Smith's illustrations are reminiscent of Edward Gorey's (
The premise of the book? A little girl finds Abe Lincoln's ghost in the White House and updates him on the State of the Union. Weird, but intriguing. Find the book at NPR.
Finally, the new season of American Horror Story starts tomorrow. This one ought to be good. DVR it now.

Nighty night all. Don't let the bedbugs bite. ~Alice

Monday, October 15, 2012

They're he-re...

Every day at work, when I walk back to my office after heating up my canned chicken-noodle soup for lunch, I face off with the ghoulish girl zombie from George Romero's Night of the Living Dead.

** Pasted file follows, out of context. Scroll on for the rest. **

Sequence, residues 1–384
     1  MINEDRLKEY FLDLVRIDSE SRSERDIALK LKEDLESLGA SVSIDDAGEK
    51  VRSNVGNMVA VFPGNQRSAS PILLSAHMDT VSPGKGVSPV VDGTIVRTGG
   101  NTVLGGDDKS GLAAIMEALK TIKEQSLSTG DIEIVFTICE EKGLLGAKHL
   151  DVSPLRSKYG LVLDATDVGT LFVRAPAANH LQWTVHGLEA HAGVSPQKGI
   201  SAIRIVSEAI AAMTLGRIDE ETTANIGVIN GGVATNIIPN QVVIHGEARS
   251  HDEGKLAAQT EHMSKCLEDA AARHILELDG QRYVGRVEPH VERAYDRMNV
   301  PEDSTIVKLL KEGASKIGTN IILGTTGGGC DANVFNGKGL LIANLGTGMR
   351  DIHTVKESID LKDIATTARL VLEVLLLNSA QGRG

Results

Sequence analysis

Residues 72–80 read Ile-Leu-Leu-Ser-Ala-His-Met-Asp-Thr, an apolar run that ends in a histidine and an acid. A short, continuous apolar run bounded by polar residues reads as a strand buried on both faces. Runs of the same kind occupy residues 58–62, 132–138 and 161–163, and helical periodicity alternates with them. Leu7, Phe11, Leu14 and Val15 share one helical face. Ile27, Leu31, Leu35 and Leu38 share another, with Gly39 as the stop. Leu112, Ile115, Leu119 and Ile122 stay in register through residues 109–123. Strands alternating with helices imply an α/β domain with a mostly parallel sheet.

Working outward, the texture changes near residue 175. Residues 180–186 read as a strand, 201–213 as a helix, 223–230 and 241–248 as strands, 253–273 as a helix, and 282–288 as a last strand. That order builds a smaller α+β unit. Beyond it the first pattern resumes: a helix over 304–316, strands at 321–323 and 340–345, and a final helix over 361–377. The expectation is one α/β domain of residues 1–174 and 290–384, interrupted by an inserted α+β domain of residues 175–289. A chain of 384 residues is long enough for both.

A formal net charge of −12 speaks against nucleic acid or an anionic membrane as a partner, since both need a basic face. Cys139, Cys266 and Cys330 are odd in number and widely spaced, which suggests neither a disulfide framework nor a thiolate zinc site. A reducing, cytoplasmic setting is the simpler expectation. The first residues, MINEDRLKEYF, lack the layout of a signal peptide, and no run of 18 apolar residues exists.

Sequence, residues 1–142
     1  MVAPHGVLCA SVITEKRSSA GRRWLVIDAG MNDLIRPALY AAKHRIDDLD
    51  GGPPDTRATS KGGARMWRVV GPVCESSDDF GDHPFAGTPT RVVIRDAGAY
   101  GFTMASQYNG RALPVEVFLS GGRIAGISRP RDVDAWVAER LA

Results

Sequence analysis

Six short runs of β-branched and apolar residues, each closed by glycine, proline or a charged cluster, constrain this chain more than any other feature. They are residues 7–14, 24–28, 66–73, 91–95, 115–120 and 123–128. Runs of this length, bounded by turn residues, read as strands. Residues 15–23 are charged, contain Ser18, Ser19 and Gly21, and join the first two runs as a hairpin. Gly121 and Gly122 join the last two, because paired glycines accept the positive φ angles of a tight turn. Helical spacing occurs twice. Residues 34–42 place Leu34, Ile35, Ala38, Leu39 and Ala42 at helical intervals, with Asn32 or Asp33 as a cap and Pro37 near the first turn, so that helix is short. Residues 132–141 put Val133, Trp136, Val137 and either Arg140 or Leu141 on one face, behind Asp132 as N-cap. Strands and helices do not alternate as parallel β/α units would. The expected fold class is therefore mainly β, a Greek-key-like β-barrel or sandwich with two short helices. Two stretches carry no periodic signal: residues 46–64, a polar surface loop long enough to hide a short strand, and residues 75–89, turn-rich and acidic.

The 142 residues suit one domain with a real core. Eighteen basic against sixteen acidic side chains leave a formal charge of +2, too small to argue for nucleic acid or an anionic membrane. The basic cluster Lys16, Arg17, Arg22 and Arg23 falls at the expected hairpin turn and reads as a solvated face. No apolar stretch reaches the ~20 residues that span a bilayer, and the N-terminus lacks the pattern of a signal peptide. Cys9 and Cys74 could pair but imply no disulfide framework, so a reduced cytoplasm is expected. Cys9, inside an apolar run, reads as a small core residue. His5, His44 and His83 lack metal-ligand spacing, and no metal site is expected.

We stare each other down. She usually wins.

To clear things up, my colleague has this poster hanging in his office. I saw it again today, just as I do every day, but today it really struck a chord. Think of all the children in horror movies. Damien in The Omen. The devil spawn in Rosemary's Baby. Carol Anne. The little Lutz girl. Malachi and his children of the corn. The little boy in Insidious. Danny and his "redrum." Firestarter. The wicked little things. Regan. Rhoda. And the one who terrifies me most of all - that girl who crawls out of the well in The Ring. After that film, I was afraid to turn on my TV for a month (which tells you a lot about my true character; I am a full-blown scaredy cat underneath it all).

Yikes. (